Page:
Game over. WINNING TIME: THE RISE OF THE LAKERS DYNASTY advances no further in the game and ends on a odd rebound play. The biggest call against the series was the sagging ratings and a lack of sensationalism surrounding the HBO series. Face it, Season One of the series did take off at the height of March Madness 2022 when basketball was on people’s minds. This season it was facing off the bigger challenger which was the industry strikes.
Then there were the numbers. HBO, under the scrutiny of David Zaslav these days (yeah, we know Casey Bloys is the head HBO programmer), pays big attention to the numbers, both the budgets & the ratings. And when shows just aren’t cutting it, they must go. In fact, Francesca Orsi, another HBO programmer, warned of that process in a Deadline interview a while back. She stated, “Each show has a job to do, given the price tag that we give to it, and there’s a viewership. component, and there’s a critical response element to it and, of course, the buzz nature of a show. It’s those elements that we are always keeping in mind and discussing relative to whether or not a show will continue. That factors in for Perry Mason, for Winning Time, for instance, for Gilded Age, so we have to play everything out and see how well they do.” Result – PERRY MASON and now WINNING TIME couldn’t ‘do it’. But we’ve got THE GILDED AGE, which could. Then, Jeff Pearlman, author of WINNING TIME’s source material, “Showtime: Magic, Kareem, Riley, and the Los Angeles Lakers Dynasty of the 1980s” warned us to keep watching or the series was done. WINNING TIME just couldn’t maintain the numbers, losing more than half of its viewership to follow it into its sophomore season.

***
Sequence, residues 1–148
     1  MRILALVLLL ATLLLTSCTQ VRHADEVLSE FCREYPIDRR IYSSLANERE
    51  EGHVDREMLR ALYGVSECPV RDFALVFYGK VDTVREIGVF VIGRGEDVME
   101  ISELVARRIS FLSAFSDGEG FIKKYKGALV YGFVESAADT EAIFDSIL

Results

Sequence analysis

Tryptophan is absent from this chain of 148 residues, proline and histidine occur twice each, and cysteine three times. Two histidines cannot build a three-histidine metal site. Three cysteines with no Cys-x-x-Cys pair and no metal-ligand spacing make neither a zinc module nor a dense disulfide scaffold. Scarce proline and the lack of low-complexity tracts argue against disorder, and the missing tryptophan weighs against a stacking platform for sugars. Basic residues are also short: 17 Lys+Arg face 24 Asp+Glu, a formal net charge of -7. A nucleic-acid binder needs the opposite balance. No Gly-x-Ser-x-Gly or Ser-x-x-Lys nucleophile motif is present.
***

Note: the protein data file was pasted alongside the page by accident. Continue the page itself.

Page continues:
Followers of the show though, were left with an abrupt end which they tried to smooth over with a tacked-on scene at the end. The season was to end with the scene of Magic Johnson (Quincy Isaiah), in the shower stall, sulking in defeat against the Boston Celtics after the 1984 NBA Finals. But the series couldn’t end that way, so expecting cancellation the show added a small moment with owner Jerry Buss (John C. Reilly) talking with his daughter, Jeanie Buss (Hadley Robinson), about one day taking over the team because they will rebound from this big loss, just you wait and see. That is followed by a montage of the real-life characters and what they went on to do in their careers.
WINNING TIME: THE RISE OF THE LAKERS DYNASTY in the end was a tough scrapper struggling against the numbers to be a standout drama at HBO. Though viewers did not get to replay the glory of the Showtime-era Lakers in full, it was a blast to have it branded an HBO Original series.